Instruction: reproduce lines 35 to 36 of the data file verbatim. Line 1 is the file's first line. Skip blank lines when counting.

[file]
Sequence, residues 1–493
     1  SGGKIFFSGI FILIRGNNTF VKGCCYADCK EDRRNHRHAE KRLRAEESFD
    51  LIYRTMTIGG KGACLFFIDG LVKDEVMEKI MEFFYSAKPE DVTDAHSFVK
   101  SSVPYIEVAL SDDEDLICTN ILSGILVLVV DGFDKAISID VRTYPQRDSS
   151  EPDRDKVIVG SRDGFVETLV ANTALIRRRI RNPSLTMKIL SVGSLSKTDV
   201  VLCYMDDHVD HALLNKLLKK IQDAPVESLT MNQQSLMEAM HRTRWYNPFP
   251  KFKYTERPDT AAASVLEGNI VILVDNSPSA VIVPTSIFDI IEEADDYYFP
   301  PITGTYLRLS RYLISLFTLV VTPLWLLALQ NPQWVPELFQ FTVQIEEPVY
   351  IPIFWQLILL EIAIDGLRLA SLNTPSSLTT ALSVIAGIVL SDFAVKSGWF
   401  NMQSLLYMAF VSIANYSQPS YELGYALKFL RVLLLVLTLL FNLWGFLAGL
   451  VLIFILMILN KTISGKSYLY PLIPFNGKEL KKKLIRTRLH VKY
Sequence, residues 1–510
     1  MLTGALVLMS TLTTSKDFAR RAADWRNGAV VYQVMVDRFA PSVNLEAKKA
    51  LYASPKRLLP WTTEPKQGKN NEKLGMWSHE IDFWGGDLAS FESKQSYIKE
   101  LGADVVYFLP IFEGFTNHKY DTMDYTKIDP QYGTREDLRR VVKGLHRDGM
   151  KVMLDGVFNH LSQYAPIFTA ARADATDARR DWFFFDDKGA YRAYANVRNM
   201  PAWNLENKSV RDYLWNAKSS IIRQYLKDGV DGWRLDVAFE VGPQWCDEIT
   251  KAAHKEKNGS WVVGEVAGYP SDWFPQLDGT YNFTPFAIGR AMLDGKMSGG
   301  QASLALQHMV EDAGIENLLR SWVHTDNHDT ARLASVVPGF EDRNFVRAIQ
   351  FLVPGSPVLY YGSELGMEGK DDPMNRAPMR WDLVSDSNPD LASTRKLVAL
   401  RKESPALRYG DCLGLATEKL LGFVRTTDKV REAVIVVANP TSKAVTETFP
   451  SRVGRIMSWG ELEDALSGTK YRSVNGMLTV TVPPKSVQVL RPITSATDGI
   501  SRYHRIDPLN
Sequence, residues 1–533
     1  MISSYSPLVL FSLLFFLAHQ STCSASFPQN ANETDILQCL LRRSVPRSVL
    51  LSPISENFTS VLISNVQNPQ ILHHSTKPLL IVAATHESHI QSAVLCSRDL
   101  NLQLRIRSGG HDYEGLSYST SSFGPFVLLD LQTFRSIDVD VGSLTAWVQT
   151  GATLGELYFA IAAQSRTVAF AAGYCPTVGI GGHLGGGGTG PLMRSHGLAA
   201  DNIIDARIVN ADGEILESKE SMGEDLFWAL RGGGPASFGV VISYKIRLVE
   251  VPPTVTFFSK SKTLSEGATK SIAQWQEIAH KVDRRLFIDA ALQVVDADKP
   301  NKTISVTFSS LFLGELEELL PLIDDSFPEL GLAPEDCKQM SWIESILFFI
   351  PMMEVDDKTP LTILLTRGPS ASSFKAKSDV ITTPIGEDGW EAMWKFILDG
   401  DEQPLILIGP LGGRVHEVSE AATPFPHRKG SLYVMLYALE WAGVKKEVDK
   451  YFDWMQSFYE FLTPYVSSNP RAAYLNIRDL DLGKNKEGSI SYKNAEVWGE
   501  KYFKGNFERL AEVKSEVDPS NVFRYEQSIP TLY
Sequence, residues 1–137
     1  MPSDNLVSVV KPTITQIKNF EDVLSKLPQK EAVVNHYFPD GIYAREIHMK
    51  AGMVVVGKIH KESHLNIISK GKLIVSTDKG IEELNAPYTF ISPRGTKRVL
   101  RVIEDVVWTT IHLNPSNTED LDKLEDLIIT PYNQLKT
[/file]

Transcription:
   501  KYFKGNFERL AEVKSEVDPS NVFRYEQSIP TLY
Sequence, residues 1–137